Back in July, when criticism over the Assembly public safety committee’s decision to stall a bill to increase penalties for child sex trafficking was at an all-time high, Assemblymember Reggie Jones-Sawyer told reporters that he was used to pushback: “I’ve been chair of public safety for quite some time. I leave the Assembly pretty soon, so somebody else will have to do this.”
But the Los Angeles Democrat will be replaced as chairperson before he terms out next year.
Of the several committee shake-ups carried out by Assembly Speaker Robert Rivas last week, the removal of Jones-Sawyer from the public safety committee was one of the most noteworthy. Per his announcement, Rivas tapped Kevin McCarty of Sacramento to be the next chairperson.
- Rivas, in a statement: “Californians have a right to be safe in their homes and on their streets. I’m confident Assemblymember McCarty will bring commitment and conscientiousness to this role. I thank Assemblymember Jones-Sawyer for his work to bring needed reforms to our justice system.”
Jones-Sawyer’s Rocky Tenure as Chair
Appointed by Rivas’ predecessor in 2016, Jones-Sawyer’s tenure as chairperson hasn’t exactly been smooth sailing. This past session, his decisions regarding bills related to child sex trafficking and the fentanyl crisis were particularly rocked by controversy. At least twice, Republican Assemblymembers attempted to force a floor vote on the issues, frustrated by what they argued as an unwillingness from Jones-Sawyer and Democratic lawmakers on the committee to enact harsher penalties for drug dealers and sex traffickers.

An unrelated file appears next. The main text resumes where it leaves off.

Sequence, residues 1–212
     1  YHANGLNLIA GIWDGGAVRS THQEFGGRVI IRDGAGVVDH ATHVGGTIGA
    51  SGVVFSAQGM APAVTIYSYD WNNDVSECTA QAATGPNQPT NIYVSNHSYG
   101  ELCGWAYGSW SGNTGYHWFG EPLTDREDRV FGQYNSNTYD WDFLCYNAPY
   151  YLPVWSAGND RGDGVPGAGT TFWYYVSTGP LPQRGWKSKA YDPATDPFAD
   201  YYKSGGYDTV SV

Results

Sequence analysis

Modesto Republican Assemblymember Juan Alanis and vice chairperson of the public safety committee told CalMatters in August that he saw the committee prioritizing criminals over victims: “I don’t like when we look out in the audience and we see faces that say, ‘You failed us.’”
But for Jones-Sawyer — who described himself as a “New Testament kind of guy” and believed that “everybody needs a chance” at redemption — toeing the line between enforcing the law and unjustly criminalizing disadvantaged communities was his challenge.
Now, it’s a responsibility that McCarty must navigate, even as he makes a bid for mayor of Sacramento.
A stint as public safety committee chairperson could offer some opportunities for McCarty to lead the charge in curbing crime rates, which polls show a majority of California adults say is a problem, as well as criminal justice reform. But just as some of Jones-Sawyer’s decisions rankled the public and legislators on both sides — at one point even Gov. Gavin Newsom had to intervene to have the child sex trafficking bill reconsidered — the role may also present its share of pitfalls.
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About the Author
Lynn La is the WhatMatters newsletter writer. Prior to joining CalMatters, she developed thought leadership at an ed-tech company and was a senior editor at CNET. She also covered public health at The Sacramento Bee as a Kaiser media fellow and was an intern reporter at Capitol Weekly. She’s a graduate of UC Davis and the Columbia University Graduate School of Journalism.
CalMatters is a nonprofit, nonpartisan newsroom committed to explaining California policy and politics.